I believe the reason Obama won in '08 and Trump won in '16 was that they were able to bring out Democratic and Republican leaning people who didn't usually vote. True swing voters are actually very few in number. Cutting free community college is a mistake, it is the first issue many of the 20-somethings i work with seemed excited about. Yes, building things is hard work. What are we building? A brighter future and more workable present for all Americans, or just another cage?

Expand full comment

Those 20 somethings might recognize that everything depends on their “hard work of building” by making sure their vote counts if they want nice things like community college and livable wages

Expand full comment

A Dem win in 2022 would speak volumes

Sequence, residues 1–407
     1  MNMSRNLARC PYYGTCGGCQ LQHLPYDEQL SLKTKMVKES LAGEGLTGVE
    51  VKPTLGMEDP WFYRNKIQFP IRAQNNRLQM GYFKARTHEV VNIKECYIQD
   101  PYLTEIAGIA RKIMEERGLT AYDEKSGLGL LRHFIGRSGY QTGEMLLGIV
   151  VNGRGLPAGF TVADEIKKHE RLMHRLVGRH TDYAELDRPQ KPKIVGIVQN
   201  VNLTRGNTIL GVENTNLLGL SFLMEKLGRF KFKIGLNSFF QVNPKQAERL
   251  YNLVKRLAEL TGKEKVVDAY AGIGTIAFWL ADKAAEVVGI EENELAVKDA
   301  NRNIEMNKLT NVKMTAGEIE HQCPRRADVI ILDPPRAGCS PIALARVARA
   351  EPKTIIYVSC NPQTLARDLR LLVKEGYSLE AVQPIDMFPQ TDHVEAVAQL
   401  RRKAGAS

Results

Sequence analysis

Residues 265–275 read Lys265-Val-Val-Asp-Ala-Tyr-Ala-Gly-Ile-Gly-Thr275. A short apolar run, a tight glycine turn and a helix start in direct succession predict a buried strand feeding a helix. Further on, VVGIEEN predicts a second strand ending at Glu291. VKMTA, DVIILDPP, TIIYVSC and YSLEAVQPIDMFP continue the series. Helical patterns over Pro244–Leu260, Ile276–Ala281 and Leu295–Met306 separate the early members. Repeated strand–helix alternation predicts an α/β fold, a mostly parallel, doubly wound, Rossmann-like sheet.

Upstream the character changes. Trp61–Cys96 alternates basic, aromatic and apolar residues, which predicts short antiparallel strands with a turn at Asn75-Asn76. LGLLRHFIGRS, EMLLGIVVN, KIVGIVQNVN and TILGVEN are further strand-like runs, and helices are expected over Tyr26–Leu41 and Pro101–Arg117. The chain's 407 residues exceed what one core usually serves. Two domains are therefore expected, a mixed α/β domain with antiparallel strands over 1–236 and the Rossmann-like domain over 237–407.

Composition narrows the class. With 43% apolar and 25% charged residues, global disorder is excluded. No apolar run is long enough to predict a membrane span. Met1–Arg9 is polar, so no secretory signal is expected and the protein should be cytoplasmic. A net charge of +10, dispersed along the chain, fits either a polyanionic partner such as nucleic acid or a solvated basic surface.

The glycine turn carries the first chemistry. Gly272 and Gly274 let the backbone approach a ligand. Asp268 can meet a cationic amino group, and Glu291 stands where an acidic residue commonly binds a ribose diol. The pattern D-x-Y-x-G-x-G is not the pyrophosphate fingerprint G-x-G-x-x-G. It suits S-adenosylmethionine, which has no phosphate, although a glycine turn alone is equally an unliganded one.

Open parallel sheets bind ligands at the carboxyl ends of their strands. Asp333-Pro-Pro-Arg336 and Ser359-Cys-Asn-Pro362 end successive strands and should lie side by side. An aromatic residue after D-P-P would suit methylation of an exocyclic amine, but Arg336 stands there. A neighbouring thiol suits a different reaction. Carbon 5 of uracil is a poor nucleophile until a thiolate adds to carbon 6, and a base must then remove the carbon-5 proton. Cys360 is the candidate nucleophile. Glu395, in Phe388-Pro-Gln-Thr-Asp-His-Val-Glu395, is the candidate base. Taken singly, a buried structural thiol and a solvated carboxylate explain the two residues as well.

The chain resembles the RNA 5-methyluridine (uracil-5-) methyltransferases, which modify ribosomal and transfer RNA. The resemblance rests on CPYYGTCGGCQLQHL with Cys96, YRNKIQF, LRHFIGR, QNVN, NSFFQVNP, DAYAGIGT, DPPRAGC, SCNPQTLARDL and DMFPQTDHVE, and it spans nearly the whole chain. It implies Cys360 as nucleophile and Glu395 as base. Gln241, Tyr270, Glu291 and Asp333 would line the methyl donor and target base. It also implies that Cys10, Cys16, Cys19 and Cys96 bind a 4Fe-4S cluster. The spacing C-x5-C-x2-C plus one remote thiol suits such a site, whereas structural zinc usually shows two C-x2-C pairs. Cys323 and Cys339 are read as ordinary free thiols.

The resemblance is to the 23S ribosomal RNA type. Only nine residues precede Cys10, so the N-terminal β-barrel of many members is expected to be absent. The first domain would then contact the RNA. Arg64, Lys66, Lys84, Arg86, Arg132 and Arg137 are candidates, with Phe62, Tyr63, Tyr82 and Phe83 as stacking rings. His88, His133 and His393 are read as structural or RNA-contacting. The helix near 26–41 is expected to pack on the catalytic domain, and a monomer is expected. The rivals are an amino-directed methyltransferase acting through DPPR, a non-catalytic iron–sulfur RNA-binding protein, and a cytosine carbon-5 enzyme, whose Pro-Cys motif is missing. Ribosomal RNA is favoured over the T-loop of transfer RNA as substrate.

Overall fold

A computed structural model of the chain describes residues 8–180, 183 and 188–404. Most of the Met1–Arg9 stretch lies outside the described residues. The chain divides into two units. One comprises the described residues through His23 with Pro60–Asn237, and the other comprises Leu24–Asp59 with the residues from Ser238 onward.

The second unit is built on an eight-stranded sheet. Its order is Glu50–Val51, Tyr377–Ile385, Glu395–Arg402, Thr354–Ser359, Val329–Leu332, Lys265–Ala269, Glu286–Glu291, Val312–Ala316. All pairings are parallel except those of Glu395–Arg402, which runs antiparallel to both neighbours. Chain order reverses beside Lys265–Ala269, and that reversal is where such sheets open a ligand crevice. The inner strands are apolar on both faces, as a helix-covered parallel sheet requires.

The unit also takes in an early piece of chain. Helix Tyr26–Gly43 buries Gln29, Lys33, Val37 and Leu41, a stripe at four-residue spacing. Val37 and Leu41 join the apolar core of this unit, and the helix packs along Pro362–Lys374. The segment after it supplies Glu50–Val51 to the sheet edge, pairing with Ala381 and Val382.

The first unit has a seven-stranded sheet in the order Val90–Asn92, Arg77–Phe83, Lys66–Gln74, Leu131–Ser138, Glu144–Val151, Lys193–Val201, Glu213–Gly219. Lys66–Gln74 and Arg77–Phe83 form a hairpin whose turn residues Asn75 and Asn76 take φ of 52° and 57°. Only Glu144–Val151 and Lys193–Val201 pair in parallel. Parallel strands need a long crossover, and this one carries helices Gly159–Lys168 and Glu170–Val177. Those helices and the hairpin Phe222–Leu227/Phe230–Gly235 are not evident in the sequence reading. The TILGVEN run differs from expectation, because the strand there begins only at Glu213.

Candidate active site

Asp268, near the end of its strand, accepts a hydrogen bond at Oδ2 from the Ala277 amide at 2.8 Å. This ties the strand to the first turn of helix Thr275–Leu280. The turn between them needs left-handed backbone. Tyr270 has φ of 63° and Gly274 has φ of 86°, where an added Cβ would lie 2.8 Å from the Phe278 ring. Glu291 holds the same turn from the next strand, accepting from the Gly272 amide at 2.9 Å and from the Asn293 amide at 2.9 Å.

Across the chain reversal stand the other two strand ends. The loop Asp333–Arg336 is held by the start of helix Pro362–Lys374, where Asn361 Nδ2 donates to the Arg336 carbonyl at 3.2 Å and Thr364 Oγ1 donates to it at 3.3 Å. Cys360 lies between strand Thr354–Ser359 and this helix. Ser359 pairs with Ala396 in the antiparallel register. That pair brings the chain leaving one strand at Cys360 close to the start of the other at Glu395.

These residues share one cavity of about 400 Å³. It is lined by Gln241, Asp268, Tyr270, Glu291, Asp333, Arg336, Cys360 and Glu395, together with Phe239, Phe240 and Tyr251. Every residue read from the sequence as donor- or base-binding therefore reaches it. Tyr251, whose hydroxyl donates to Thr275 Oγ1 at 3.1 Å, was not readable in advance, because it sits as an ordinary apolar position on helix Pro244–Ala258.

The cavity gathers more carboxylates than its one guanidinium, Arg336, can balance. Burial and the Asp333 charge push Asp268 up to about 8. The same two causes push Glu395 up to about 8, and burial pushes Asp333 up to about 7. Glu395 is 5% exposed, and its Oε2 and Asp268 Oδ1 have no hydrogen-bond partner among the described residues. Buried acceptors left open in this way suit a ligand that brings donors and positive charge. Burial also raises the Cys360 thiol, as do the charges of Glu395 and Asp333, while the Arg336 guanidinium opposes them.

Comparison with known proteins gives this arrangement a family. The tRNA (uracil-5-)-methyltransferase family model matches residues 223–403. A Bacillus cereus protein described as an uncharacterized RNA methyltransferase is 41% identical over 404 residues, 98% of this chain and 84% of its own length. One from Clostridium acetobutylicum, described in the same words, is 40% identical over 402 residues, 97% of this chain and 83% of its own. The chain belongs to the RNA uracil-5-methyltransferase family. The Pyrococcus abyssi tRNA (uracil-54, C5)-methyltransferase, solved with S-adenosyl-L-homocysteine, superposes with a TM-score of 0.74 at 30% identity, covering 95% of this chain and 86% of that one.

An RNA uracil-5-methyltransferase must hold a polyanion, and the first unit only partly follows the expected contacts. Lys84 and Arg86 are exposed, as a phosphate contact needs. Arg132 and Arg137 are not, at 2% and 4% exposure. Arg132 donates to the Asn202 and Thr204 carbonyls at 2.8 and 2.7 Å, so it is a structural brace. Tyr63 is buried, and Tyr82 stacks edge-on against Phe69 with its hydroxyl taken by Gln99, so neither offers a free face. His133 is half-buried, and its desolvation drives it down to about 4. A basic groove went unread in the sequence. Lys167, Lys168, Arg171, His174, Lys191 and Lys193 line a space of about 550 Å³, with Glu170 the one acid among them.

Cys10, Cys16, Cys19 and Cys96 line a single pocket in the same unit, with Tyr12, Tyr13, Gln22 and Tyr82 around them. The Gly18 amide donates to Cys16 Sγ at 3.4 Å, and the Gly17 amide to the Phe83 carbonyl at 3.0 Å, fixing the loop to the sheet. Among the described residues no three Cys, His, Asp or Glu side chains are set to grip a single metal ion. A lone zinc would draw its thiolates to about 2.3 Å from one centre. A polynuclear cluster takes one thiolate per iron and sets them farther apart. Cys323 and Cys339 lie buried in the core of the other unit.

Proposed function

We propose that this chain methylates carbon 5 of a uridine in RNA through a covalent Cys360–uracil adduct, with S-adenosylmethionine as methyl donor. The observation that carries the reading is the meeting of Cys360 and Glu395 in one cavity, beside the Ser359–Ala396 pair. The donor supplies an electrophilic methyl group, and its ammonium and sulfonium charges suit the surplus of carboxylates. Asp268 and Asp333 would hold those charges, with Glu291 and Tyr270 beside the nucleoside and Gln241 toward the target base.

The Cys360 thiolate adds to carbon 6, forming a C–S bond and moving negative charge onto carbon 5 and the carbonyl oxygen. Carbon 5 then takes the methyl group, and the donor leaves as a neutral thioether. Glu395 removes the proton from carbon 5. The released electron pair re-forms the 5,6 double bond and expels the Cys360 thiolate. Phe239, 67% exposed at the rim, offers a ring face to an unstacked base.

Expand full comment

🙏🙏🙏🙏 and it will take steady hard work from all of us to push against the lies that are stealing minds

Expand full comment

Or rather as Christine has eloquently previously stated sneak in thru a window instead of trying to force the door

Expand full comment

You got it, Christy. Paraphrasing Ogden Nash….. Remember, the door of an obstructionist and a bigoted mind opens outward. The pressure of truth and facts upon it only closes it more snugly.

Sneak in through the window. Get into the “inside”. That is what hackers do. That is what activists do. That is what the Light does. Find the cracks.

Expand full comment

I’ll look into Ogden Nash. TY!

I’ve followed and experimented with Steve Hassan’s tool kit for “getting in thru the window”: